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Barneys gets the red out. Photo courtesy of Barneys New York

Don't expect to see sunshine, bikinis and bluebirds in the Barneys New York spring/summer women's catalog, out this week.

Creative director Simon Doonan along with art director and vice president of advertising Lina Kutsovskaya take StyleList through the surprising pages.

The mailing has a split personality, with two main "stories" shot by legendary photographers. Peter Lindbergh, renowned for his black-and-white images, opens with "The Virago," an evocation of strength and sensual magnetism.

The provocative Swiss artist Walter Pfeiffer brought "The Domestic Goddess" to life with vivid colors and a sexy surreality.

Standard warm-weather signals go out the window. Doonan emphasized, "at Barneys we approach every aspect of retailing -- windows, ads, merch, store design -- in an unconventional way. We like to make lists of things other stores would generally never do and then do them ALL!"

Hence the spring catalog's shadows, jumbled interiors, flamboyant makeup and potato peelings.

Lindbergh's signature chiaroscuro brings a bassline moodiness to "Virago." Shadows lap at the models; light catches on gleaming satin or the sheen on a flexed thigh.

With their high-piled, disheveled hair and smoky eyes, the women look as though they slid down a chimney and landed in fantastic frocks.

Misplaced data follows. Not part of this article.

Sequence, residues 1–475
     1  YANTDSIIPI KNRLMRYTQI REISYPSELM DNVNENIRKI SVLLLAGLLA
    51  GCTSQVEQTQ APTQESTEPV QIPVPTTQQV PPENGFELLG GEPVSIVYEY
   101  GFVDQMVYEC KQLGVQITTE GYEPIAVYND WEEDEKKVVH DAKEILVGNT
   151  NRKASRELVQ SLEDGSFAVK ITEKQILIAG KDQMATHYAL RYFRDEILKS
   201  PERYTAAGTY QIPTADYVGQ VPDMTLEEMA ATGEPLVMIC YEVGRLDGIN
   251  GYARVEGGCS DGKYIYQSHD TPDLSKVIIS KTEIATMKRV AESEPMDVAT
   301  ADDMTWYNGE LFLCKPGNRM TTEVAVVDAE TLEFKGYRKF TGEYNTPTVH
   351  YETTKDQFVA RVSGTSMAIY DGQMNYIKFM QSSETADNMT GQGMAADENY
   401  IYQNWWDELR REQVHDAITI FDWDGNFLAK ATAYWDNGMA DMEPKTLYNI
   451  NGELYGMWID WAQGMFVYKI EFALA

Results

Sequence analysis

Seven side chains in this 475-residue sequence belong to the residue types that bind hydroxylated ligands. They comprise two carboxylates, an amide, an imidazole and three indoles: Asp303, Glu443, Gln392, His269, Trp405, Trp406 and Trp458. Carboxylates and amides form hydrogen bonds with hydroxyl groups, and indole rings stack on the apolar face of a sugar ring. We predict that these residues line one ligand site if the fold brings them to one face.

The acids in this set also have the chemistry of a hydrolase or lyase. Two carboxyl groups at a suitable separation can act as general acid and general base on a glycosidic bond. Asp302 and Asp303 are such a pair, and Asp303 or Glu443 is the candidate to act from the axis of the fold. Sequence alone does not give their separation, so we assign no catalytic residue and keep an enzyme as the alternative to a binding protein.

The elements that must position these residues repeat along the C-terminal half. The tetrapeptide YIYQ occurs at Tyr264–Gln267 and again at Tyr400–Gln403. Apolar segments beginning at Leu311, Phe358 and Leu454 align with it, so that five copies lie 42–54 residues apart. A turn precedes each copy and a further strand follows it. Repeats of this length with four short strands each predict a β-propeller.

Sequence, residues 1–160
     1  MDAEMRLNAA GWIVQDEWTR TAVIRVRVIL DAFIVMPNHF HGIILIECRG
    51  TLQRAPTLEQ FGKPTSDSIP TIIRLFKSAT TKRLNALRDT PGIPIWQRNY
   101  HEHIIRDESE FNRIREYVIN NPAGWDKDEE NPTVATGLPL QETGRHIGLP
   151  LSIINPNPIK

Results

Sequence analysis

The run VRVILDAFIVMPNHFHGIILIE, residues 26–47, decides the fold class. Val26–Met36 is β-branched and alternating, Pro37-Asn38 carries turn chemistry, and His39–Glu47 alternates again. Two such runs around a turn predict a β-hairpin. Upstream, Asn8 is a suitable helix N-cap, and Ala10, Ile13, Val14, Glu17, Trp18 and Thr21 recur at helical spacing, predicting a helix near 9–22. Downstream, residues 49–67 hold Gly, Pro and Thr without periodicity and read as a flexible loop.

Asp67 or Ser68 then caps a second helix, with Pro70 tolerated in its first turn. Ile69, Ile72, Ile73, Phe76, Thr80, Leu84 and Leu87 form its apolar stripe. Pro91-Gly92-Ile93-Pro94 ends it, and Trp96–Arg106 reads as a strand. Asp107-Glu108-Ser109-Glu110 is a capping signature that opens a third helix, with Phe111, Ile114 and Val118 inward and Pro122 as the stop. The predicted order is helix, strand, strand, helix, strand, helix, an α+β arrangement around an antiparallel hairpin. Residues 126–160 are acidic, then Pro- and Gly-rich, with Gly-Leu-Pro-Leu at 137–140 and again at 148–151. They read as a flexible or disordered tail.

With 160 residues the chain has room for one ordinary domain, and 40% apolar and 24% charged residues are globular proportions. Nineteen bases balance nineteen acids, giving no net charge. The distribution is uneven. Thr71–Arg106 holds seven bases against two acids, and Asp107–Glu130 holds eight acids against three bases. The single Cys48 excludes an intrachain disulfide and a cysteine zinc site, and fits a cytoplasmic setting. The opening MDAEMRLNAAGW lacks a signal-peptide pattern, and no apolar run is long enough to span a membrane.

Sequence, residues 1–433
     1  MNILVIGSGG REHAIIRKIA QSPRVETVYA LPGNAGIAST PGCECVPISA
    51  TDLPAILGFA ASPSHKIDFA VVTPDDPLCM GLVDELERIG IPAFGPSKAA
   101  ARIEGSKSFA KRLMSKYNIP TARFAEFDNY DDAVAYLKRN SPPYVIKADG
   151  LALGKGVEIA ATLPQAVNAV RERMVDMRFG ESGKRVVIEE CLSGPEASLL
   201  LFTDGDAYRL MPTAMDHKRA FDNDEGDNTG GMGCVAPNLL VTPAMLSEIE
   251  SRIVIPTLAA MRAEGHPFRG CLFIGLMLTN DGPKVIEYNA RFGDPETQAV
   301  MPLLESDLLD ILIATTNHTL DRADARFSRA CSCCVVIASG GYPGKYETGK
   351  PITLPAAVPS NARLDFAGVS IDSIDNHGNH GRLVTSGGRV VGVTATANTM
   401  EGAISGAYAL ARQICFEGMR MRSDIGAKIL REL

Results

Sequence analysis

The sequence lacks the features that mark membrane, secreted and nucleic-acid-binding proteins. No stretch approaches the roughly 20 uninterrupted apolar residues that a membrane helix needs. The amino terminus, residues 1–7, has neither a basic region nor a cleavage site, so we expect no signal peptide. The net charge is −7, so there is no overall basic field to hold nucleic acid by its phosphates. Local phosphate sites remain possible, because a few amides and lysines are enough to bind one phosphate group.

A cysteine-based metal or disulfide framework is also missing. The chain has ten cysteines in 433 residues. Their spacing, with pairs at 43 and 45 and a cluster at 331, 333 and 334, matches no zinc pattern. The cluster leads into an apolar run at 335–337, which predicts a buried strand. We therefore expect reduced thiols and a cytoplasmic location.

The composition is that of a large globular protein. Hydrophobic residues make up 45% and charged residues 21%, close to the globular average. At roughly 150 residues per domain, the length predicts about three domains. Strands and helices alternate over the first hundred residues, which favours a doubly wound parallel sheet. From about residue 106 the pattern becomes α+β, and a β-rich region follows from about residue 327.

Pfeiffer's pages, on the other hand, flare with saturated color, light and madcap energy. Kutsovskaya carefully studied Pfeiffer's gallery and commercial work before developing possible scenarios with him. She wanted the Barneys shoot to be in tune with both his current direction and his earlier, now-iconic shots.

In the resulting images, model Constance Jablonski plays a toy accordion, peels potatoes and brandishes a chef's knife. Doonan recalled, "it almost seemed like a parody of the old domestic goddess idea from the '70s. She is clearly a woman on the verge."

Working with such artists was a pleasure as well as an honor, Doonan found. "I was surprised to discover than Lindbergh was such a sweet, fun-loving dude. His work is so tough, I expected him to be a bit grim and remote. He is a delight. Ditto Pfeiffer." Kutsovskaya chimed in: "Walter's spontaneity and decisiveness is incredible!"

And which designer's work ended up on the front cover? Phoebe Philo's latest effort. "How about those Celine pants!" raved Doonan. The high-waist, wide-legged linen trousers are anchored with thick wooden-platform wedges.

On styling, Doonan confessed, "we look at how it was done on the runway and then use that as a springboard. Sometimes we go a little bit higher than the designers would prefer. But they love us anyway."





And get a sneak peek at another spring catalog.